It is exciting to see the fruits of labor!
The students at Lakewood High School have been busy learning indoor hydroponics gardening. Both of these varieties of tomatoes are being grown in Ebb & Flow hydroponics systems by Botanicare.
It is exciting to see the fruits of labor!
High intensity discharge (HID) lights are the most commonly used grow light since they give off a greater amount of lumens (visible light power) per watt of incoming electricity to the light. HID lights are commonly preferred over fluorescent and incandescent lamps because their power will is displayed in their lumen output more than their heat output. An HID light can put out as much as five (5) times the lumens per watt as an incandescent lamp can produce.
There are two types of HID grow light bulbs used by indoor gardeners. There is the metal halide lamps and the high pressure sodium lamps.
Metal Halide (MH)
Metal halide lights are powerful and efficient light sources for growing. They emit more of a blue spectrum which is ideal for the vegetative stage of growing. The metal halide lights are designed to produce the same kind of blue and indigo light spectra that your plants would get from the sun in the spring time when most plants are beginning to sprout. This type of blue light will produce more compact stems, tighter internode spacing and a faster growth rate. The MH lights are best for the early stages of plant growth, when the stem production and leaf production are so important to the overall quality of plant you produce. Metal Halide lamps also produce enough red and yellow light spectra to produce decent flowering or fruiting, however, for maximum flowering production you will want to switch to an HPS light.
High Pressure Sodium (HPS)
High pressure sodium lights, as a ‘flowering’ and ‘fruiting’ light is in a class of its own and can only be out performed by the sun. HPS lights produce strong red and yellow light spectra. This end of the light spectrum generates longer stems, bigger blooms and more bountiful crop. The high pressure sodium lights produce brighter and more efficient lumens per watt than a metal halide. The greater your efficiency and production of lumens per watt can affect the size and quality of the yield of your plants.
Because of the fact that metal halide lamps require metal halide ballasts and high pressure sodium lamps require high pressure sodium ballasts, many growers prefer to use a digital ballast which has the ability to run either type of bulb.
Don’t be fooled by Incandescent lights.
Incandescent grow lights will typically produce the red-yellowish end of the light spectrum with an approximate color temperature of around 2700 K. Though they are many times labeled as growing lights, they are not good growing lights. The are much less efficient than fluorescent lights or typical HID grow lights. Their average life span is only around 700+ hours, and they are better at converting the electricity they consume into heat instead of into light.
In my hands I felt the heft of the large box of hydroponic gardening equipment I had recently purchased. “Microgarden?” I thought, “This thing weighs at least 30 pounds.”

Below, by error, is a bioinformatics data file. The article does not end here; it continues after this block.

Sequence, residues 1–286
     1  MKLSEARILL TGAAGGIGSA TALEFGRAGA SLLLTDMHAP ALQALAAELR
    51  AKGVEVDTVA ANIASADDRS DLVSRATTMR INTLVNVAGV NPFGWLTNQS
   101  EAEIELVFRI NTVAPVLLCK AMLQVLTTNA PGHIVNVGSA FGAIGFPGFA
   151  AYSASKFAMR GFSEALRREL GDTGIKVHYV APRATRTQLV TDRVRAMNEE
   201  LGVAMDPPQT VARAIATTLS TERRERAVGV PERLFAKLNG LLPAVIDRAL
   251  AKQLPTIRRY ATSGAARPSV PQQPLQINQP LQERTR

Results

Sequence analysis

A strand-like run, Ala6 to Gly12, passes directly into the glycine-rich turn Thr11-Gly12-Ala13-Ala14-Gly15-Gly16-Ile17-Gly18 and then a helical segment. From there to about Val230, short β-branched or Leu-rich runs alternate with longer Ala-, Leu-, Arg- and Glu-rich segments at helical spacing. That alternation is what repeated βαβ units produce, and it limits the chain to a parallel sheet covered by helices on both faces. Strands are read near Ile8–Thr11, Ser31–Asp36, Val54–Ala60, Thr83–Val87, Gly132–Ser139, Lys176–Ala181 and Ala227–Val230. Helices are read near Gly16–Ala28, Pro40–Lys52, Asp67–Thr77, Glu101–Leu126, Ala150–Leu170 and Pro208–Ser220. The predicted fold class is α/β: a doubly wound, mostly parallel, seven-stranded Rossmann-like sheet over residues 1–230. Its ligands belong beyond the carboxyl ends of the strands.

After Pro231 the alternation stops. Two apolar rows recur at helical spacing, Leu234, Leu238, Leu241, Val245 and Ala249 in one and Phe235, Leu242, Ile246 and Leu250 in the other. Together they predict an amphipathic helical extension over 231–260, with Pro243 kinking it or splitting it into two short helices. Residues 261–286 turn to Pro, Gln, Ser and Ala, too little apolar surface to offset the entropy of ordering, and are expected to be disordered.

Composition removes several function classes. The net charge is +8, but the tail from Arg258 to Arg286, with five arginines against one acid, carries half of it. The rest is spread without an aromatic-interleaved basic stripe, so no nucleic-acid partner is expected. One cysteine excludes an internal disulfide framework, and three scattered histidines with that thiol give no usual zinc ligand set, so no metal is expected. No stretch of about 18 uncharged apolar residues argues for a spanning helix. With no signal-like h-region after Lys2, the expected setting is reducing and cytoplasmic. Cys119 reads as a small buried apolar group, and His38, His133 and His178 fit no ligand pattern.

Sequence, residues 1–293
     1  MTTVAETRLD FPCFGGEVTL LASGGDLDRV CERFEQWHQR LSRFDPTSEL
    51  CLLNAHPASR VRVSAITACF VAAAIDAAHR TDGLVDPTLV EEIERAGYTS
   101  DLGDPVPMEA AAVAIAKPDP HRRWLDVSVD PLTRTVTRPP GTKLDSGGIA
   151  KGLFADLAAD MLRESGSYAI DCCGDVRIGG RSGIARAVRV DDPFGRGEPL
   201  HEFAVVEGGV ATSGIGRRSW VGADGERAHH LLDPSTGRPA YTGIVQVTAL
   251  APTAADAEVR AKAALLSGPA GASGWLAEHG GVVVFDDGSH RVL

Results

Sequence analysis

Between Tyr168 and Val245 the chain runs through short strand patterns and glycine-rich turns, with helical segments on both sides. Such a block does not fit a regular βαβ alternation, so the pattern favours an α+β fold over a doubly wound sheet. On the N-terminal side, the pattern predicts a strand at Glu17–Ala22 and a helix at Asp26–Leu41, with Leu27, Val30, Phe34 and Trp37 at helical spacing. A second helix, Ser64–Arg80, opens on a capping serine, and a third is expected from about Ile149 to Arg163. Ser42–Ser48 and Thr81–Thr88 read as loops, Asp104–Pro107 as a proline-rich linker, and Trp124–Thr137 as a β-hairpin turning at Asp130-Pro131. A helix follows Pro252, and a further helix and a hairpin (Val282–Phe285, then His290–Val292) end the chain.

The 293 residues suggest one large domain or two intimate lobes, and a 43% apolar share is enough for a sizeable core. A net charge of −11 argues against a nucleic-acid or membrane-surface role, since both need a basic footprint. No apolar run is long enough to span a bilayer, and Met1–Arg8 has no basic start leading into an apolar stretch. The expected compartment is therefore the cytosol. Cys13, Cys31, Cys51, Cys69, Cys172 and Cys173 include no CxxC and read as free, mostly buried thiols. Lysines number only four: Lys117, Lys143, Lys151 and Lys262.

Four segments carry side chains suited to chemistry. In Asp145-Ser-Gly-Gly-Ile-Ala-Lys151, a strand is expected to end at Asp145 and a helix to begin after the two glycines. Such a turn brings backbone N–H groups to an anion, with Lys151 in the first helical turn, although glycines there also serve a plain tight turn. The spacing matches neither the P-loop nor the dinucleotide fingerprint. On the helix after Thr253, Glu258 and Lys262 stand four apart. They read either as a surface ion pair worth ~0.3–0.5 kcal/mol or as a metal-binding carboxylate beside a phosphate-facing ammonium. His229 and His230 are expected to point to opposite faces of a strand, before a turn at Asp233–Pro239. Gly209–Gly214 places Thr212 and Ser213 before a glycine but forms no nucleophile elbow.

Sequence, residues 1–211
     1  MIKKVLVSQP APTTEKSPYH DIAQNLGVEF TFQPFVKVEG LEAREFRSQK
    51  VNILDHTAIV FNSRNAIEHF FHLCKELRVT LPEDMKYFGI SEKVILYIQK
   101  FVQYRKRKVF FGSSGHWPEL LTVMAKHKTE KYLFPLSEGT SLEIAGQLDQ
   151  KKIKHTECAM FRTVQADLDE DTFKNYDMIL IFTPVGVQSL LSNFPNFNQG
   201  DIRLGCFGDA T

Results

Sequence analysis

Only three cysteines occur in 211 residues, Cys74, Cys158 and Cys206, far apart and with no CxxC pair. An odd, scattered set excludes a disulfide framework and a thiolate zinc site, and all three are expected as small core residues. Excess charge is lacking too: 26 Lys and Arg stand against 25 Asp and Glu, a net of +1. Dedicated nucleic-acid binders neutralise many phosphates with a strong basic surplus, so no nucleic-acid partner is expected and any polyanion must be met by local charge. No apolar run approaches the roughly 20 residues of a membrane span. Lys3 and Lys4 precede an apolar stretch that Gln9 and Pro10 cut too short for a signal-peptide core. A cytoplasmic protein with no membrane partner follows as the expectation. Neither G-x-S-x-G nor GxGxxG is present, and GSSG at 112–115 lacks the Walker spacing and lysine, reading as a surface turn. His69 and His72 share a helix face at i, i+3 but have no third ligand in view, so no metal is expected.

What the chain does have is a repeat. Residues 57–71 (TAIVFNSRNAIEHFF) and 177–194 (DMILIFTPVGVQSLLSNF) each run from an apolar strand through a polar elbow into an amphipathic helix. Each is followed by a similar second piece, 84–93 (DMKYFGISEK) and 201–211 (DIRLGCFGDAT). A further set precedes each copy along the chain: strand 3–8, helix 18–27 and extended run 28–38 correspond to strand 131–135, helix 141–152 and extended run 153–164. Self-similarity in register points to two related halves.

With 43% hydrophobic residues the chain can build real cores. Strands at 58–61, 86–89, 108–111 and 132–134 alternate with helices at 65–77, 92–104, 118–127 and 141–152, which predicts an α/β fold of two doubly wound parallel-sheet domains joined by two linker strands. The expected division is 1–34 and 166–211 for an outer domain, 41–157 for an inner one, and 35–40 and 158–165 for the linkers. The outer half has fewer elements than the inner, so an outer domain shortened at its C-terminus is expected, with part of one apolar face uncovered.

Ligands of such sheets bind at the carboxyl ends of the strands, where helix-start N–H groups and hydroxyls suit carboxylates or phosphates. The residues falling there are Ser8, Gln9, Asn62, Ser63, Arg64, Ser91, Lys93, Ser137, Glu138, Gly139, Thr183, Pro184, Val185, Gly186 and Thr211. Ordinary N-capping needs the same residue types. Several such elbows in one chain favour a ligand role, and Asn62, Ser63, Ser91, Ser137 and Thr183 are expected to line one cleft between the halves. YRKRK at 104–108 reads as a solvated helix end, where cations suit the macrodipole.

I set down the box on the carpet of my living room. Leaning over with hands on knees, as a long time soil gardener, I didn’t know what to expect from something so reliant upon science and way too much of what I didn’t know and understand.
As I cut through the tape holding the contents of the box, images of chemicals and glass beakers and a rather Frankenstein-ish approach to growing vegetables held firm in my mind.
The single page of directions was enough to intimidate me—Plug this in, fill that up, add this nutrient, adjust that. What in the heck was hydroponics and why? I stopped everything I was doing and met with a gardener friend the following day that had several years of indoor gardening experience.
The producers of The Balancing Act approached The Big Tomato about the practice of indoor hydroponic gardening. They discussed the frequent questions and requests they get on a consistent basis by their primarily female audience. The questions they get asked frequently are things like, ‘What is Hydroponics?’, ‘How do we start an indoor garden?’, ‘Are fruits and vegetables that are grown hydroponically really healthier?’, ‘What types of grow lights should be used?’, and ‘What types of things can we grow hydroponically?’. As a result of this growing interest in self-sustenance and healthier eating, The Balancing Act producers welcomed the owners of The Big Tomato, Jeremy Stout & Josh Field, to offer guidance and resources for getting your questions answered and the items you need to get started. It all starts here at TheBigTomato.com
If you break down the word “hydroponics” in the Greek, (which I’m sure most people don’t do before asking the definition of a word), you will find that it comes from the root words “hydro” which means “water”, and “ponos” which means “labor”. People have the choice to plant their gardens in soil, or they can plant their gardens in water. Those that do decide to grow in water are practicing the art of hydroponic gardening. Hydroponics is also commonly taught in University Biology centers for research and study.
There are many variations of hydroponic systems that indoor gardeners or “hydro-farmers” can use. Every systems is developed and based upon similar foundational concepts, but still unique in their own ways. This article will provide the most basic breakdown of each type of hydroponic system, and we will also seek to provide a basic understanding of which hydroponic system various plants respond to better.